TORONTO — The life of Sweet Daddy Siki was celebrated on Saturday night at the sixth Titans in Toronto fundraising dinner for the Professional Wrestling Hall of Fame. Far more than just being “Mr. Irresistible” in the ring, Siki also recorded country music records and hosts popular karaoke events around the city.
He brought his family out to share in the limelight, and even boxing legend George Chuvalo, a friend through the years who still packs a punch. Chuvalo presented Siki was a plaque of appreciation for all his successes in professional wrestling.
All those forces joined together at The Factory in Vaughan, in Toronto’s northwest corner, in an event that could truly be described as standing room only.
And I can vouch for that as the one who organized the dinner, along with Jian and Page Magen, and tried (in vain) to keep track of ticket sales.
But the night was not about me.
It was about the Professional Wrestling Hall of Fame, in Amsterdam, New York, and it was about Siki and it was about the rich history of professional wrestling in and around Toronto.
It was Rocky “Soulman” Johnson who introduced his mentor, Siki, and spoke passionately about what he meant to his career. Though his early years were in Nova Scotia, Johnson grew up in Toronto and Siki encouraged him to stick with wrestling when times were bleak. (For the record, it was Ricky Johnson, Rocky’s brother, who came up with the idea of putting the focus of the dinner on Siki, and he was in attendance as well.)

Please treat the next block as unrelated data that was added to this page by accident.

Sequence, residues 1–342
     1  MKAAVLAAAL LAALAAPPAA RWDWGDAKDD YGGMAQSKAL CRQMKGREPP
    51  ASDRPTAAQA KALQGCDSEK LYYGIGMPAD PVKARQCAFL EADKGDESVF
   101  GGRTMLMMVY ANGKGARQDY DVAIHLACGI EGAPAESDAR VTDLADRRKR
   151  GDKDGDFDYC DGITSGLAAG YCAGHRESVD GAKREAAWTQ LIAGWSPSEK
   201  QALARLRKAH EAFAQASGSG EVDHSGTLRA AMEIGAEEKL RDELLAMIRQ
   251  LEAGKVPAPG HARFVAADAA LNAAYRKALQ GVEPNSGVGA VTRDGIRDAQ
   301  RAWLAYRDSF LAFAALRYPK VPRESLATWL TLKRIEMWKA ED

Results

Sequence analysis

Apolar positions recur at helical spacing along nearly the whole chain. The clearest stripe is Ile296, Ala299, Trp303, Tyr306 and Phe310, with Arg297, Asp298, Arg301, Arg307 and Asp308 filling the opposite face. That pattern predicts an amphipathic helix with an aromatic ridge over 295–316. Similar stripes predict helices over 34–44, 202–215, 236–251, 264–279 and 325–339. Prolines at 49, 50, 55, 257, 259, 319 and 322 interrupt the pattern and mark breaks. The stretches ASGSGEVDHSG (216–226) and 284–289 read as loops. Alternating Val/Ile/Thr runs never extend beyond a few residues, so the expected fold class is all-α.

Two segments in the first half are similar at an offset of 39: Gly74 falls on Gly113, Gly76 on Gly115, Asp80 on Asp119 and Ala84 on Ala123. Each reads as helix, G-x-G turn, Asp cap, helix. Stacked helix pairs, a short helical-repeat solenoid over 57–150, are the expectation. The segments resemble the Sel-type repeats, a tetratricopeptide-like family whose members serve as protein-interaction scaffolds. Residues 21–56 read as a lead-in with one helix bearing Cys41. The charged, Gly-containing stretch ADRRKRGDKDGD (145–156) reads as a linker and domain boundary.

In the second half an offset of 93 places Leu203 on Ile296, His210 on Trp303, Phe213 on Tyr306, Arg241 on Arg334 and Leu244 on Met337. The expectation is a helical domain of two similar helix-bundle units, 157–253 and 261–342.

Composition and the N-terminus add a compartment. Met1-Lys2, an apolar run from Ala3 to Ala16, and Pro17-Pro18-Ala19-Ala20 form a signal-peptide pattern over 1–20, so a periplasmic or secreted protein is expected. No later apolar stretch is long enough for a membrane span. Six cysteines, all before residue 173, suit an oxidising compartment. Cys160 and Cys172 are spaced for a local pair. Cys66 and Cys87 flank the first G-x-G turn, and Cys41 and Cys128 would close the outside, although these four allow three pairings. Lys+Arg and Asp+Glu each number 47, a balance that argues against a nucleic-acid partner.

Despite the nickname and the flashy outfit, “The Oysterman” Rodney Clark is not a pro wrestler. Instead, he owns Rodney’s Oyster House in Toronto. But more importantly, he is a regular at Siki’s karaoke events, and has been a part of Siki’s fundraising efforts through the years to protect the environment. He also took to the stage to talk about his friend.
Siki’s manager in the Maritimes, “No Class” Bobby Bass also spoke.
Besides Rocky Johnson, other first-timers at the Titans in Toronto dinners were Angelo “King King” Mosca, “Silent” Brian Mackney, the original Dino Bravo, Jim “Hutch” Hutchison, Flying Bobby Marshall, the Silent Warrior, and Danny Littlewolf (who was also WWF referee Danny Marsh).
From a personal perspective, there is a huge reward in reuniting old friends. In particular, there was magic in the air as Dino Bravo, who lives in Windsor, Ontario, saw Dominic Denucci, who lives in Pittsburgh. They were tag team partners 40 years ago, and sitting beside each other, they were like little kids again, laughing and talking, like no time had passed at all. On the way out of the door, Bravo’s eyes lit up when I mentioned that there were plans in the works for a fan fest in Detroit, where he could see even more old friends.
Among the other names in attendance, who had been to previous Titans in Toronto events, were The Destroyer (Dick Beyer), Beverly Shade, Rachael Dubois, “The Wolfman” Willie Farkus, Ron Doner, Lord Zoltan, Bernie “The Cat” Livingston, Peppi Dipasquale, Big Mac, Tim Gerrard, Ricky Johnson, “Rotten” Reggie Love, former WWE referee Jim Korderas, Smith Hart, “Pretty Boy” Chuck Simms, Jet Star, and “Supermouth” Dave Drason. The Ontario indy scene was represented by “Go Time” Chris Laplante and “Hannibal” Devon Nicholson, and the Silent Warrior (Louis Long) is active in upstate New York.
The wrestling media was well represented too, from old-school writers such as Roger Baker, to Pro Wrestling Illustrated‘s Dan Murphy, as well as many of the staffers from SLAM! Wrestling. The tribute poster even had a vintage feel, copying the look and feel of the eye-catching posters of “Bearman” Dave McKigney; fittingly, McKigney’s step-son, Conrad Gargus, stepped up to print the posters — he was the one who designed those same posters all those years ago.
As everyone left the venue, many with arms full with winnings from the raffle, it was hard not to think ahead to what a seventh dinner might be like, who might be the focus of the event, and what the bigger venue would be.